Nihilism In The Stranger By Albert Camus

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In The Stranger by Albert Camus: the protagonist, Meursault, appears to be indifferent to everything throughout the book. Even on fundamentally important concepts such as death, love, and time. Because to Meursault, “we’re all going to die, it’s obvious that when and how doesn’t matter (2.5.114).” This general lack of interest is similar to the Universe because if the grand scheme of things, our lives, and our deaths mean nothing and would have no real impact on the future of the Universe. Our deaths turn meaningless over time, eventually love will fade away, and time will blur together to the point that 100 years will seem like a millisecond. And this is the embodiment of Nihilism.
The thought and process of dying and having the death of a
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No matter the strong pull of love though, Meursault escapes its grasps though his lack of empathy and basic human connections. This ideology is shared by those around Meursault: such as how Salamano lost his wife and “He hadn’t been happy with his wife, but he’d pretty much gotten used to her (1.5.44).” Meursault knows that love is only temporary and knows that love means nothing in life and cannot change anything: “That evening Marie came by to see me and asked me if I wanted to marry her. I said it didn’t make any difference to me and that we could if she wanted to (1.5.44).” He does accept that love is something tangible but understands that there is no significance to it, how it has no reason, and is not required for living. So, therefore, why should he care about this emotion if it serves no evolutionary purpose to help us thrive and grow in the universe? Like Meursault, the Universe is unforgiving and ignores feeling to continue the circle of…show more content…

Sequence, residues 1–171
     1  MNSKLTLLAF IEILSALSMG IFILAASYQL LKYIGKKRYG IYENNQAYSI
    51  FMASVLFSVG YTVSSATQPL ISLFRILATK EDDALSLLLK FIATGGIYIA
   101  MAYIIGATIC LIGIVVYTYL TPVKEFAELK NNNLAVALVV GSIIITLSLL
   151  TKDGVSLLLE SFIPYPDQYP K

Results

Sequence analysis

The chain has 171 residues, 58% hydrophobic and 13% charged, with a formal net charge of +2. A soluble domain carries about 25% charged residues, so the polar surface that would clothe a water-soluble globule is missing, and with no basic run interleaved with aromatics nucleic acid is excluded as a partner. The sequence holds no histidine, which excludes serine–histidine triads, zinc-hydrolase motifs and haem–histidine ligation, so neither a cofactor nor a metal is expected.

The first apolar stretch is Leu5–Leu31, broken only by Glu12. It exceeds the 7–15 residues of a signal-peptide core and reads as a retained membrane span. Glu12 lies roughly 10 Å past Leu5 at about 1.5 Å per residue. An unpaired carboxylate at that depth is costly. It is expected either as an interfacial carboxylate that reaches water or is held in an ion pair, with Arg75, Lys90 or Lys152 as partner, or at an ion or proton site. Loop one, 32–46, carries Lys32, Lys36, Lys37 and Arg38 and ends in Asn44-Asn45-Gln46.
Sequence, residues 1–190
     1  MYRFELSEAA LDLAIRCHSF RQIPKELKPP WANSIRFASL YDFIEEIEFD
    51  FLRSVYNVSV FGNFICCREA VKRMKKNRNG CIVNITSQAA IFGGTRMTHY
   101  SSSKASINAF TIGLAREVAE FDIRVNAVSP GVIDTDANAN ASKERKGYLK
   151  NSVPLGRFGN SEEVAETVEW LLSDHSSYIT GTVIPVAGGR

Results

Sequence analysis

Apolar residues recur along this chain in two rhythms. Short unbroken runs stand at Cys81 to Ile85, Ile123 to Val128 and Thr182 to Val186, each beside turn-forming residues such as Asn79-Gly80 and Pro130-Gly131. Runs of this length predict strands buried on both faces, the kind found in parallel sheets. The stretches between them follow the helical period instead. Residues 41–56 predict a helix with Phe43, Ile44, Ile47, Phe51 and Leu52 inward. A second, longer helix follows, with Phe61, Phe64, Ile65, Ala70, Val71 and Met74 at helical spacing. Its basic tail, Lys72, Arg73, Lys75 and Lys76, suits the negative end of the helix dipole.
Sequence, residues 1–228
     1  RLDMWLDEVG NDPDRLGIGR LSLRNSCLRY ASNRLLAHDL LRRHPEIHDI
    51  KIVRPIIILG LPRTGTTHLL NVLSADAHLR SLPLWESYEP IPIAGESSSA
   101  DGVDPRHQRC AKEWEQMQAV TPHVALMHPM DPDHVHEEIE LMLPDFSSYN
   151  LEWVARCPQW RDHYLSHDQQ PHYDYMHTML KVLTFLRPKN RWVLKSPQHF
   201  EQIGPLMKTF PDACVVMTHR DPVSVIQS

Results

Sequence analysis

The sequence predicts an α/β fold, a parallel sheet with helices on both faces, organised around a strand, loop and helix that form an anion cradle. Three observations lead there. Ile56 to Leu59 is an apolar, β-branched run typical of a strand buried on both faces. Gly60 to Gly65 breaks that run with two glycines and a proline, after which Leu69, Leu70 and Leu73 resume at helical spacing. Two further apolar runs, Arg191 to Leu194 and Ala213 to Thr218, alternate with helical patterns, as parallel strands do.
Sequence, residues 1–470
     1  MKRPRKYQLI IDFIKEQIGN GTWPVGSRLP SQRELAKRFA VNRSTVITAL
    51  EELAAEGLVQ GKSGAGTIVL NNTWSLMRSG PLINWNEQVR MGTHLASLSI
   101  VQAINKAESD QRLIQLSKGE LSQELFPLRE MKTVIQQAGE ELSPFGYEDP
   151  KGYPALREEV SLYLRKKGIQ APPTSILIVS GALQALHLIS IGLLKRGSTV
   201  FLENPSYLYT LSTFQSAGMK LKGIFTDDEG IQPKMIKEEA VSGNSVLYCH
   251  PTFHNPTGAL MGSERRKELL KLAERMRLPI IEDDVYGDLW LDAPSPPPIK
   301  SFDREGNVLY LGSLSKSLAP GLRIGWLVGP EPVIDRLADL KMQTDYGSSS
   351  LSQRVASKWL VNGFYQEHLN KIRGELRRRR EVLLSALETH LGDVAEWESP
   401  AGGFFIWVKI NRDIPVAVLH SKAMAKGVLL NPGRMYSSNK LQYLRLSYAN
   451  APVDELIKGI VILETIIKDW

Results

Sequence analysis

Meursault knows that we have no impact on the future of the Universe as he knows that “Nothing, nothing mattered (2.4.121).” For time is always continuing where we do not, and this thought can affect people to their cores and “The utter pointlessness of whatever I was doing there seized me by the throat (2.4.105)” however Meursault decides to no longer carry the burden of having to prove his existence in time. Like water off a duck’s back, the desire to prove himself washes off and he is able to be comfortable with the fact that nothing truly matters overall, but in this specific time it may matter. He may think about “...when I had to give up my studies I learned very quickly that none of it really mattered (5.41)” and may have been concerned at first but knew this meant nothing and his Nihilistic ideas took over once again. To Meursault “It was all the same (2.5.120)” and just like how everything is similar in the Universe so the Universe and Meursault mirror each other in their thoughts about how in this current moment in time, something will mean end up meaning

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